‘Avenue Q’ brings awareness to puppeteering craft

Photo by David Cooper
Photo by David Cooper

Arts Club presents local production of Broadway classic

By Cheryl Minns, Arts Editor

Avenue Q is a unique musical that breaks puppet show stereotypes by featuring the puppeteers on stage performing alongside their puppets, commenting on society’s uptight political correctness and the problems the Millennial generation faces.

Lead puppet Princeton ends up in the neighbourhood of Avenue Q, a gritty version of Sesame Street, after he graduates with an English degree and struggles to find a job, pay the rent, manage his relationships, and figure out his purpose in life.

Actor Jeremy Crittenden voices and controls puppets Princeton and Rod (Avenue Q’s version of Sesame Street’s Bert) during the show, performing as an actor on stage while controlling his puppet at the same time.

“One of the things I love about doing this show is that I keep finding new things. I keep finding he’s so expressive,” Crittenden said of the Princeton puppet.

While he can’t relate to the Republican investment banker character of Rod, Crittenden can definitely connect with Princeton, the epitome of today’s Millennial generation.

“The kinds of things Princeton goes through—moving from home to the big city, trying to make his mark on life, not being able to pay his bills, losing his job, screwing up his relationships—these are all things I have done and continue to do,” he said. “I relate to Princeton a ton. I always feel like I’m still looking for my purpose as a person.”

Avenue Q also stars Jeny Cassady, a professional puppeteer, actor, and puppeteering instructor, who voices and controls the yellow bear in the Bad Idea Bears duo as well as crotchety old boss Mrs. Thistletwat. She particularly enjoys Avenue Q’s hybrid style of including the performer in the puppet show.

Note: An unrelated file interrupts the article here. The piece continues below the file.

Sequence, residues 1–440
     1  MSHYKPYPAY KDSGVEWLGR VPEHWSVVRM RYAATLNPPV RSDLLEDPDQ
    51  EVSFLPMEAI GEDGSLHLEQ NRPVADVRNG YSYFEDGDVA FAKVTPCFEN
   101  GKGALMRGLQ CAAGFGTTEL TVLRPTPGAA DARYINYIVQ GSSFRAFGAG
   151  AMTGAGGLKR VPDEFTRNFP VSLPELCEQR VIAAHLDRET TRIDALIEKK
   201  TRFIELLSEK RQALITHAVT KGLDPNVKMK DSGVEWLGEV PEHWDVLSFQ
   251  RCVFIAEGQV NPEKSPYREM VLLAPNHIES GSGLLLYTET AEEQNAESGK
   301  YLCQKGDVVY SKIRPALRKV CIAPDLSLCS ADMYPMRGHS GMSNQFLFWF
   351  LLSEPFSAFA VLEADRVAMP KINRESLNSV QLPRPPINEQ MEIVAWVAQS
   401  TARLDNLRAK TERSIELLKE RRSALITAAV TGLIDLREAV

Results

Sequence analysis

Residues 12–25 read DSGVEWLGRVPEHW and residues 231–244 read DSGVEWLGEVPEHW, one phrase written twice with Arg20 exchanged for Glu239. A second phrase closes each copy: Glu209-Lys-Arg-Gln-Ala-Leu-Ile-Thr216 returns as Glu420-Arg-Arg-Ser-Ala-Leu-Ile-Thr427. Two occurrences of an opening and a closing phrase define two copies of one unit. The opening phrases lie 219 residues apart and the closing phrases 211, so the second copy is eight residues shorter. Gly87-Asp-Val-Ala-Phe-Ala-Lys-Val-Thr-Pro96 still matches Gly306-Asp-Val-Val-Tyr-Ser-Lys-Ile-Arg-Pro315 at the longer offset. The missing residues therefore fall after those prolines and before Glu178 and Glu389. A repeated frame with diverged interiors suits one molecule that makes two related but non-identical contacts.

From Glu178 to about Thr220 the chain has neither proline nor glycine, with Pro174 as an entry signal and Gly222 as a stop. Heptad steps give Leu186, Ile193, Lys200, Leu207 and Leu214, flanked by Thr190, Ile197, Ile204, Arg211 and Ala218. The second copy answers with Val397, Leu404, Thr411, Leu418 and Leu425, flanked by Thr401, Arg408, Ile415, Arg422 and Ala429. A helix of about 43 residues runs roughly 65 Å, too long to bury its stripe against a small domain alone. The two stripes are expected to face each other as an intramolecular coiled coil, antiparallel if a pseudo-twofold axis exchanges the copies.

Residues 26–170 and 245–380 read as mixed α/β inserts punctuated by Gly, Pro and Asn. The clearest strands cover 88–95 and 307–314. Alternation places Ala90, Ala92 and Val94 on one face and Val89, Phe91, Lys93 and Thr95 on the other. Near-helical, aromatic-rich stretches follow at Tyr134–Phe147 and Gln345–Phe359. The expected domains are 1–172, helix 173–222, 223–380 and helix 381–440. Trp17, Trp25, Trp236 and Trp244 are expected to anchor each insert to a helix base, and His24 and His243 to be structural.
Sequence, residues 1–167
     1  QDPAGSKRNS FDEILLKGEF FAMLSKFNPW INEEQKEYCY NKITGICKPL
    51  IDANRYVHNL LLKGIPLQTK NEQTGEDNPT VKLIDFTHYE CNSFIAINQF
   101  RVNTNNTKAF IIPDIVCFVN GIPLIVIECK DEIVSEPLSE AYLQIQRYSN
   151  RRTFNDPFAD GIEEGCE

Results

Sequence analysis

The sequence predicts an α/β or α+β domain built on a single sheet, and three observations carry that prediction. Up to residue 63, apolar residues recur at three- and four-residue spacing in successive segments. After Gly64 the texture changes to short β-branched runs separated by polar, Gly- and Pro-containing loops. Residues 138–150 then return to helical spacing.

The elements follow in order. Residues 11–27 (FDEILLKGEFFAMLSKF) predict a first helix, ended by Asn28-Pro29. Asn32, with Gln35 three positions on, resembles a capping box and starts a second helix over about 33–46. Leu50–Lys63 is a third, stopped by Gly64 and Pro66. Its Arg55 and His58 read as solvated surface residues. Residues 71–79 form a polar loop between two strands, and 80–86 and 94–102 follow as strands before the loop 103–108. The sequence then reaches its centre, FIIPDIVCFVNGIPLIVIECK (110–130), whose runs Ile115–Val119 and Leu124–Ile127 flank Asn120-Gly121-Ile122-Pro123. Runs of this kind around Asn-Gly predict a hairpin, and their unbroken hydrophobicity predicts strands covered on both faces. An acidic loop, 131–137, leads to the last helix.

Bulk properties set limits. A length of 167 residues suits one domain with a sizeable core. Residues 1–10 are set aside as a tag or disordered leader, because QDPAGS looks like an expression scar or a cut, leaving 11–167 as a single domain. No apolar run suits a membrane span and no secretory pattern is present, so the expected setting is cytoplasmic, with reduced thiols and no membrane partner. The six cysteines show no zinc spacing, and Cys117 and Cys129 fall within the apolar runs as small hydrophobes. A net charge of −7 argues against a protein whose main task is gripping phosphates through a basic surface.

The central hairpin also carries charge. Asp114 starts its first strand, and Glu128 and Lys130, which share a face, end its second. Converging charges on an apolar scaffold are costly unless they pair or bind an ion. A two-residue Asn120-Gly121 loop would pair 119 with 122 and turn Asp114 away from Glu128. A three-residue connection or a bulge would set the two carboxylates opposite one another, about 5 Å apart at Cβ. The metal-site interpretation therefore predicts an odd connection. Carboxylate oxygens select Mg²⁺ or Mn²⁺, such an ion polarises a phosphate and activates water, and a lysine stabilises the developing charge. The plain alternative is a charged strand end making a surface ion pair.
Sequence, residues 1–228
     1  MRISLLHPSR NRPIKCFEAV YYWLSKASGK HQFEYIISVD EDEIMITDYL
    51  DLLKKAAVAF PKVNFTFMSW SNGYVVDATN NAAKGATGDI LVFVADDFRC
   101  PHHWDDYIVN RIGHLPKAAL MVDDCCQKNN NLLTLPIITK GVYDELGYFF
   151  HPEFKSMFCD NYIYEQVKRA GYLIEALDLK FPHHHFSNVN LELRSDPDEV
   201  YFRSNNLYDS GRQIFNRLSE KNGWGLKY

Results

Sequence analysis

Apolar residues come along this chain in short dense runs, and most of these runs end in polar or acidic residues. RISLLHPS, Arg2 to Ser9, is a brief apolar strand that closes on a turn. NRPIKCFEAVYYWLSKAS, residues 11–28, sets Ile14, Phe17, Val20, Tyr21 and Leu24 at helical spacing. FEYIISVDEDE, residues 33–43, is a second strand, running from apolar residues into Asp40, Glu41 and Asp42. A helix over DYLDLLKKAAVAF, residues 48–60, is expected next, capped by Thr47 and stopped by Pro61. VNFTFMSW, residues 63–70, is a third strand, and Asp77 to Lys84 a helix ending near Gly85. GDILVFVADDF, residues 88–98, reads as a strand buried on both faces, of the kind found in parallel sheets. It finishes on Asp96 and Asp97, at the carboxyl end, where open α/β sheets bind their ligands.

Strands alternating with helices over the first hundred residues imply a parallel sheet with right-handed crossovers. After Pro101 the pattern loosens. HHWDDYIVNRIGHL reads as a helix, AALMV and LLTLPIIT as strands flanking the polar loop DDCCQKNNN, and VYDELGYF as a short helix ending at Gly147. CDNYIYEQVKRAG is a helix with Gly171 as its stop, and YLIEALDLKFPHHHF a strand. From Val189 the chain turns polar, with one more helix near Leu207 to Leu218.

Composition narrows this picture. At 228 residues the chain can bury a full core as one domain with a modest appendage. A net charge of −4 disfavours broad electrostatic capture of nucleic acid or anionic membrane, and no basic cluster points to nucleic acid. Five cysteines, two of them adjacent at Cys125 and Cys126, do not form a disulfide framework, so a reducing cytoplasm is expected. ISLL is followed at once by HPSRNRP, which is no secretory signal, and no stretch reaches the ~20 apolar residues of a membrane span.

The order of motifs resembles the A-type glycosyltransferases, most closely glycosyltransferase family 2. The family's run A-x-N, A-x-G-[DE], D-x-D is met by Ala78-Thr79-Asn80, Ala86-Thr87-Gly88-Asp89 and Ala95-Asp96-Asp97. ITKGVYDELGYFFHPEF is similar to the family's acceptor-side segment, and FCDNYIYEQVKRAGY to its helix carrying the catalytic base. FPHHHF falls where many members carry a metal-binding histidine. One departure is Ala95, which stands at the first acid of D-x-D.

“It’s interesting and I like it because it brings a lot more awareness to the craft of puppeteering, that it’s really a performance and not just something for kids,” she said. “The more the people do it, the more excitement happens around puppetry, the more people realize that it’s not easy. It takes some doing. I feel respected.”

Cassady also controls some of the other puppets during the show when an actor with two puppet roles is busy controlling the second puppet on stage. For example, when Princeton and Rod are in a scene together, Crittenden voices both characters and controls one of the puppets while Cassady controls the other.

“It’s getting to know his rhythm, and he’s also watching what I’m doing with it, so that we can get a nice—hopefully seamless—movement between the mouth and the emotion and how the puppet is moving,” she said. “I have a lot of fun taking the rhythms and then taking their idea of it and putting it into a puppet with its emotion.”

While the show can be offensive and crude at times, its irreverent attitude allows for musical numbers to examine some of society’s worst traits, like racism, homelessness, or taking joy in others’ suffering.

“It’s a lot of fun to see whether or not people are going to drop that political correctness that’s in all of our heads about how we’re supposed to respond to things like that and laugh with us on that, join in and agree,” Crittenden said. “I love the moment when they do. They come around and you can really feel a collective release in the room.”

Avenue Q will be playing at the Granville Island Stage until January 3, 2015. For more information or to purchase tickets, go to ArtsClub.com